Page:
I think the main problem is we have no data collection taking place, and rigging something up is really complicated.
The nearest you can get is engine monitoring, with the various products out there (EDM700 being the bottom end). AFAIK none have internet connectivity; you would need a SIM card, or wifi which connects in the hangar, or connects to your phone like the Golze ADL can do. These can detect some early signs of valve failure, but not all, and sticky valves are likely to show up only at startup, and there is no way to detect them running too hot (as a result of not sitting down fully) during flight.
The standard service regime, where you do a “50hr check” during which you eyeball as much as you can, works generally well enough.
And sensors tend to fail more often than the thing being monitored, unless you spend serious money, which doesn’t happen in GA which uses mainly 1970s Vauxhall Viva quality electrical parts
One thing which I wondered about is vibration spectrum monitoring. This is used on upmarket helicopters and apparently with good success. They also have chip detectors in their gearboxes; that might be a really good thing to have in our engines and not hard to make.
We’ve found the Savvy Analysis service very useful. Upload data from the JPI engine monitor periodically and this highlights any unusual issues, especially overheating, in any of the cylinders. Helps spot a faulty cylinder early which can then be borescoped before it gets worse. One advantage is that with so many aircraft uploading data, they can compare measurements across many aircraft of similar type, highlighting if yours is operating out of the normal envelope. There has been some useful advice provided. It’s also a good way to determine if GAMI injectors would be worthwhile and what the settings/size of those need to be.
We also take oil samples every 50 hour oil change and send them off for analysis. That (and opening up the oil filter) was what finally got us to determine when to overhaul the engine – we got a reasonably early warning that it was coming.
Without further sensors fitted, it would rely on pilot reports and record keeping about flight conditions etc. I could imagine that where an aircraft is shared between more pilots, or general club use, reports of hard landings etc would not always be forthcoming, especially when some would say that’s quite subjective to determine.
Perhaps a bit more information and tips about what owners can do to optimise maintenance costs would be useful – the adoption of Part ML for ELA2 from March 2020 hasn’t been well publicised, so when developing the new approved maintenance program (required before next ARC issued), the kinds of things that could sensibly be checked or replaced less frequently would be good to know. I suspect many pilots leave this entirely to their maintenance organisation who are of course primarily concerned with safety whereas the pilot might have slightly more interest in balancing the total cost. I mean no disrespect to the professionals who keep us airborne by saying that. Mike Busch’s book on aircraft ownership (while focussed on the US private owner) makes many good points in this respect and gives relevant examples.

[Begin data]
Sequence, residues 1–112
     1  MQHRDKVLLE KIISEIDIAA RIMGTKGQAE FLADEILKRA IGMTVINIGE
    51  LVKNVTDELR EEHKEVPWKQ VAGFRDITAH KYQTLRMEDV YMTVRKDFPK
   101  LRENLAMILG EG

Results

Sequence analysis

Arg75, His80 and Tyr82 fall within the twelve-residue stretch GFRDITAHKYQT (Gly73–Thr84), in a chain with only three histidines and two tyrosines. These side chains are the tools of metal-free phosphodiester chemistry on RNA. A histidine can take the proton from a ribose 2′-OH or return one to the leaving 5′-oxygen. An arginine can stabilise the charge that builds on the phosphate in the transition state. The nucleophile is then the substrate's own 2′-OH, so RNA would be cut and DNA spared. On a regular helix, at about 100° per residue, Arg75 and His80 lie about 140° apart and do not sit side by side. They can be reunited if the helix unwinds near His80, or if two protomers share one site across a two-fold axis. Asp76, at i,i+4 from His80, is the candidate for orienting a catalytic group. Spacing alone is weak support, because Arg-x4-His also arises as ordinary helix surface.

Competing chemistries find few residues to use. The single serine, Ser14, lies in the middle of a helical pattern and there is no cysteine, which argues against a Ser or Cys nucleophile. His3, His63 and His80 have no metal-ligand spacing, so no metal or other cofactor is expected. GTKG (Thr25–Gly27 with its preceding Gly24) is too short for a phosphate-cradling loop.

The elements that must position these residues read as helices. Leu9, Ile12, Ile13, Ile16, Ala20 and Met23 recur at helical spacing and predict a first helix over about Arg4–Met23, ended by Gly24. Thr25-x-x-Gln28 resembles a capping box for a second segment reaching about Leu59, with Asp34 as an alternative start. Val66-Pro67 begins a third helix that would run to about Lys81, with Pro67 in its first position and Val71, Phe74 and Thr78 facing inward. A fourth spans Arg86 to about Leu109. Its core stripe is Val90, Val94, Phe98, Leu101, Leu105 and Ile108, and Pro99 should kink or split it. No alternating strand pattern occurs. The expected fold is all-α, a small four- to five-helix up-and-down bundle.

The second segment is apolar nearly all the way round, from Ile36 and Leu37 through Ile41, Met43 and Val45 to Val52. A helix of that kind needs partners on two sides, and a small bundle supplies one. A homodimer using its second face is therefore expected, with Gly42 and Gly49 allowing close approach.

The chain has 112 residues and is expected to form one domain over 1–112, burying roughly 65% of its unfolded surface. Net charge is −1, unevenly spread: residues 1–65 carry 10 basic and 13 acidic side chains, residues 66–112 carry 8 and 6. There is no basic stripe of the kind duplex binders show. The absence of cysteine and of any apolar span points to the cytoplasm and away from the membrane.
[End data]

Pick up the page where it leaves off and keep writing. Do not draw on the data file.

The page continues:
The information doesn’t have to be for the most complex aspects. For example, I have been quite surprised to come across more than one owner who recorded hours until next service based on Hobbs rather than airborne flight hours.
So rather than having purely a computerised Cloud offering, I wonder if something similar to Savvy’s expert mediation service between owners and maintenance organisations might be of interest in Europe. There are some voluntary standard procedures which maintenance organisations can adhere to, such as AOPA code of practice, but an expert third party who can understand the issues and explain/mediate where unexpected high costs are involved could be very useful. I’m pleased to say we’ve never required that for our aircraft.
You will have 3 main problems vs airlines:
Thank you everybody for the answers.
@DavidC I haven’t heard of SavvyAnalysis or SavvyAviation. Now that I have reviewed their SavvyAnalysis app I can say it looks a lot like what I wanted to build (huh!). As far as I know, they are the only ones who provide this type of analytics, and they even include it with their annual mx management package. As I understand, SavvyMx is not that popular in Europe, so there should be room for competition.